The SM 70 automatic firing fragmentation mine, atop the wire mesh applied to later model of wall

The tiny square shaped metal fragments contained within a blast from an SM 70.

The results of being hit by the SM 70, with two fragments from its deadly load seen lying close to this escapees heart in the x-ray picture.

With the sophistication in the design of the wall came an increase in sophistication of the escape attempts with examples in the museum of tunnel designs, hidden compartments in cars, boats, submersibles and microlight aircraft.

The Mini used in 1988 as seen below in the article covering a visit by Sylvester Stallone. Obviously Erich Honecker was not a fan of Rocky or Rambo.

I have flown a microlight, very similar to the one seen below, and it is not something I would be keen to repeat and certainly not near anyone capable of shooting at me.

This aircraft was made from car parts, and with other parts such as the propeller being hand made, and was used in an escape on August 4th 1984, flying some 100 kilometres into the west.

The microlight seen below at least has some basic flying instruments and the escapees painted up the wing to fool observers on the ground that it was a Soviet aircraft.

The coastline of East Germany was heavily patrolled with a similar shoot to kill policy for anyone determined enough to try their luck crossing the Baltic.

The ingenuity to come up with a diesel powered 'U-boat' for one, that towed the pilot through sixteen miles of cold waters to allow 28 year old Bernd Bottger to escape to Denmark is absolutely amazing, and a tribute to the determination to be free.

A bubble car has got be the most unlikely escape vehicle ever, to be used, and probably that was the key factor that allowed the hidden occupant to make it across successfully.

With the replica checkpoint outside the museum, key parts of the original, including the road marking, sector sign and control barrier are safely preserved in the museum close by.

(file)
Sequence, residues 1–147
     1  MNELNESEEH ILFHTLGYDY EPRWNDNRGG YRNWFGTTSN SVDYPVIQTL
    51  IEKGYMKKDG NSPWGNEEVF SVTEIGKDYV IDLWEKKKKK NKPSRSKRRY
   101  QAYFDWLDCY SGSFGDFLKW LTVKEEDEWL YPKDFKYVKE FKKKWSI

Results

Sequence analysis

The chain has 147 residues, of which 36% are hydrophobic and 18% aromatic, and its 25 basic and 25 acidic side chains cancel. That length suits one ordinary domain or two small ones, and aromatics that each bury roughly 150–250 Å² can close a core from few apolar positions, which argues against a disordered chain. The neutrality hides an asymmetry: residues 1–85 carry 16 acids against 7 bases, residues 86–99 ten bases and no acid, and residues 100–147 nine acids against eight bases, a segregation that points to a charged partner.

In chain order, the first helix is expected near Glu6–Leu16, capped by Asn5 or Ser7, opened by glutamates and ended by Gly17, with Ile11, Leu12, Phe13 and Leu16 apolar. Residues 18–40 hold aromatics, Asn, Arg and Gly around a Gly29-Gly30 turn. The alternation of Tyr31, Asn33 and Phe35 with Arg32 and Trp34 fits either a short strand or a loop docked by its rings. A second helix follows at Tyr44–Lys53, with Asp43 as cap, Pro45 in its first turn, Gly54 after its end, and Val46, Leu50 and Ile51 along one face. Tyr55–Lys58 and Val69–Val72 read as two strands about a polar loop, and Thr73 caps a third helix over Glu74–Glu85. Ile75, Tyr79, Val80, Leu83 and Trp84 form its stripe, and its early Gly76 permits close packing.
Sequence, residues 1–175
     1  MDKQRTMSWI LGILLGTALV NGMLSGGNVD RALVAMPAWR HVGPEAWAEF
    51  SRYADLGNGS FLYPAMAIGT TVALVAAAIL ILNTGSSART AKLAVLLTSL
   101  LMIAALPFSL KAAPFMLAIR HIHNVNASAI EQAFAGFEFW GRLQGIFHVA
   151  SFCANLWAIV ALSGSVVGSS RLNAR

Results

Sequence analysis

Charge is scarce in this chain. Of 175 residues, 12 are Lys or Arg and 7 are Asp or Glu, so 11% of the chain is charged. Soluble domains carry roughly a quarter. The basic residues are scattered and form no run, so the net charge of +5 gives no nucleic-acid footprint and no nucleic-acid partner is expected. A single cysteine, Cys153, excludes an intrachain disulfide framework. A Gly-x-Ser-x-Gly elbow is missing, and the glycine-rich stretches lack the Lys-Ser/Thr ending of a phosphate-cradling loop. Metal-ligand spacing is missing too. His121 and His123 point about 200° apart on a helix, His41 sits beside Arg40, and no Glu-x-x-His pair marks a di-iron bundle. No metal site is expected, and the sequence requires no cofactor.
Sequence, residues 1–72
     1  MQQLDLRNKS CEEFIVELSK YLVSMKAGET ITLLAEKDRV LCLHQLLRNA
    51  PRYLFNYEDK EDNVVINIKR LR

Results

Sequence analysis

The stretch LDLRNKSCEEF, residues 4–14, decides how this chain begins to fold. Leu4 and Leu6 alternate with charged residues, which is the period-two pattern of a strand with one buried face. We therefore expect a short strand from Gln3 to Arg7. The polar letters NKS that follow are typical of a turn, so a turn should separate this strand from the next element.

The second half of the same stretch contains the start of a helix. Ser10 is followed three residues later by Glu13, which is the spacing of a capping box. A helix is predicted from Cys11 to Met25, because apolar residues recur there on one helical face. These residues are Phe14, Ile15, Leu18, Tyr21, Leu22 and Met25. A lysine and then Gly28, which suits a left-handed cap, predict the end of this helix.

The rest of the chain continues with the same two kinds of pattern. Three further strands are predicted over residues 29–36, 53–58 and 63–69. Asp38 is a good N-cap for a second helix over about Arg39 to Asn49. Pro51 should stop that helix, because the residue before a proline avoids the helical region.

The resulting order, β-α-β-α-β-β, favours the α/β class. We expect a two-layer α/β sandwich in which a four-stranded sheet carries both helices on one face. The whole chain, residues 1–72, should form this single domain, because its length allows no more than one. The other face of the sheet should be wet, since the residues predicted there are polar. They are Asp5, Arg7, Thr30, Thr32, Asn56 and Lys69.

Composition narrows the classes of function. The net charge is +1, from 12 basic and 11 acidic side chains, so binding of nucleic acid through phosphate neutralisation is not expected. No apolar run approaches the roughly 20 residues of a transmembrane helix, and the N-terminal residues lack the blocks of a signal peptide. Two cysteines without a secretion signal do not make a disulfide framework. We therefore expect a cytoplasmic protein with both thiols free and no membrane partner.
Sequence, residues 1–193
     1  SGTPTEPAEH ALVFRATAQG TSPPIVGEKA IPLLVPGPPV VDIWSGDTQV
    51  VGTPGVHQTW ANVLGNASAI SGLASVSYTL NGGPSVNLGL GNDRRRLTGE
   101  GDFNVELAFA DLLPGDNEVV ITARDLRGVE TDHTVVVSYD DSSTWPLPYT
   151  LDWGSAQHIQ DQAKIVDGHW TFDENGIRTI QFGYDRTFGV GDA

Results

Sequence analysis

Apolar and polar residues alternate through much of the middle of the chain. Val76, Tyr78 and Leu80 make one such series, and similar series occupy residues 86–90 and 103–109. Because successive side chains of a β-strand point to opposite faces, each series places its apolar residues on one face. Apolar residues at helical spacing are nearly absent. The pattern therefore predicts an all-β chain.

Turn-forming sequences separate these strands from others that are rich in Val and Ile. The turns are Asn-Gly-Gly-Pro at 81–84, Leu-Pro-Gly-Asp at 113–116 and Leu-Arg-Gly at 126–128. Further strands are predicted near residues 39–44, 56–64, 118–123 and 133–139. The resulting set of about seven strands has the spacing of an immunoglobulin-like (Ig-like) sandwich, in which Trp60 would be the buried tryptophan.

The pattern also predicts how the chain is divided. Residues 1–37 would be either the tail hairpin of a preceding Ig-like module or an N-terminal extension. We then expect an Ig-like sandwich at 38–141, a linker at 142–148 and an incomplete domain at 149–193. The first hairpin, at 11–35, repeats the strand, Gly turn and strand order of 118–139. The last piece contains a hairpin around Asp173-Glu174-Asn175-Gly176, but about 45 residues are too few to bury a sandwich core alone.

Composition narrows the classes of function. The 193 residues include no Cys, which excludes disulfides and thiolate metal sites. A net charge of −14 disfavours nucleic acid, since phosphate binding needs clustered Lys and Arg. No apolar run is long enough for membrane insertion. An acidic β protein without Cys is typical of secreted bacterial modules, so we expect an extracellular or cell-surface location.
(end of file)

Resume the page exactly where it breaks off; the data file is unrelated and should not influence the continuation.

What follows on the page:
Of course, after visiting the museum and following a warming lunch of Wurst broth, otherwise known as gout in a bowl, but unsurprisingly great with a cold wind blowing in from Siberia, we headed off across the city to see some of the monuments along the route of the wall recording the heroism of the escapes made in those areas.

View of the check point from the museum nearby

As part of the celebrations and commemoration of the thirtieth anniversary of the wall coming down, the BBC has been running a radio drama documenting the digging of Tunnel 29 in the summer of 1962, through which twenty-nine people escaped through mud and leaking water to escape into West Berlin, whilst being filmed by the American TV station NBC.

It was more fortuitous than planned that we found ourselves stood on the very same road under which Tunnel 29 along with ten other similar such escape routes were dug between 1962 and 1971 and the radio drama suddenly became more real as we viewed the place today, suitably adorned with information boards and mini-video screens showing clips of the various escapes made along Bernauer Strasse.

All the old tenement blocks and boarded up shop fronts are long gone, and new developments are starting to cover what was the death strip, but some of the open ground is still visible allowing a before and after glimpse when compared with the black and white pictures above.

The old patrol path used by used by border guards and their dogs is now simply an access to the new modern apartment blocks that mark the transition of Berlin into a modern western city.

Despite the changes for the better, the price for the freedom to simply wander around and appreciate  them is marked along pavements and nearby walls to remind the passer by of darker days and that cost.

Between 1961 and 1989, 100,000 people attempted to escape, with over 5,000 escaping over the wall and some 136 to 200 being killed in the attempt in and around Berlin.

However I felt this post should end with the most perfect of before and after pictures with no less a monument than the Brandenburg Gate, which caught the attention of photographers in 1989 as happy Berliners clambered up on the redundant section of wall to celebrate their new found freedom; and the same place today with the area once occupied by the wall, fenced off to allow preparation of the entertainments arranged for the weekend of celebrations.

My next post on Berlin will take a look at other aspects of its history that recall the rise of Prussia and Frederick the Great, the 19th century, Bismarck and German unification, and of course WWII and the rise and fall of Hitler and the Nazis.